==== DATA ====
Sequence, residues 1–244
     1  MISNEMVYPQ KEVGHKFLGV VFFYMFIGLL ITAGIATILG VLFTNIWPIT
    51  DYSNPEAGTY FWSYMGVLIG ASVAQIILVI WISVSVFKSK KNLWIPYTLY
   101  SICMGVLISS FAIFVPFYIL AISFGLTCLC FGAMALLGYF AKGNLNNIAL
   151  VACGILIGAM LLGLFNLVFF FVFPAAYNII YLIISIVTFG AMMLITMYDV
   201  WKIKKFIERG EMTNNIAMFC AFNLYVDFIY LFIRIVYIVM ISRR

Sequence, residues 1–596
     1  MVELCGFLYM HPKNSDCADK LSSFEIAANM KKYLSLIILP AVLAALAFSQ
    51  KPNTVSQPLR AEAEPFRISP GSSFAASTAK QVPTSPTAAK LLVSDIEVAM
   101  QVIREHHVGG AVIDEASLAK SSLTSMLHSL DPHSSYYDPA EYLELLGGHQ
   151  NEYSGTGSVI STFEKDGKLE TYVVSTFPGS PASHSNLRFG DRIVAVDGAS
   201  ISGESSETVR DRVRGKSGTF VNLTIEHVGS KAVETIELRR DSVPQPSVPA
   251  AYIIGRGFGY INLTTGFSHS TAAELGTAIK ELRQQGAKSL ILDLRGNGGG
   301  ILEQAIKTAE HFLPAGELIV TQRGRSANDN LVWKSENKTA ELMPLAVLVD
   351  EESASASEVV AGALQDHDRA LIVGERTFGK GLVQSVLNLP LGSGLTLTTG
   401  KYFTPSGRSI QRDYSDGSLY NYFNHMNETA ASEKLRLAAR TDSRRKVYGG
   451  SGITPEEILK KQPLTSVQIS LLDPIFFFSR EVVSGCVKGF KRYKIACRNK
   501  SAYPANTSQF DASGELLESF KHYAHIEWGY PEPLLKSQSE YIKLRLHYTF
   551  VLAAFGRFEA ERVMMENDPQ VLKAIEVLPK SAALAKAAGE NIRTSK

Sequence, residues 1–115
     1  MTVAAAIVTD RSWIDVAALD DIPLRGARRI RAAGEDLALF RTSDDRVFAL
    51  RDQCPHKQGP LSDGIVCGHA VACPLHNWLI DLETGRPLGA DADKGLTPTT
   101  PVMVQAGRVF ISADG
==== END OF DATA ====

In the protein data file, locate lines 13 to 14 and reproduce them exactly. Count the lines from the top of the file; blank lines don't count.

   251  AYIIGRGFGY INLTTGFSHS TAAELGTAIK ELRQQGAKSL ILDLRGNGGG
   301  ILEQAIKTAE HFLPAGELIV TQRGRSANDN LVWKSENKTA ELMPLAVLVD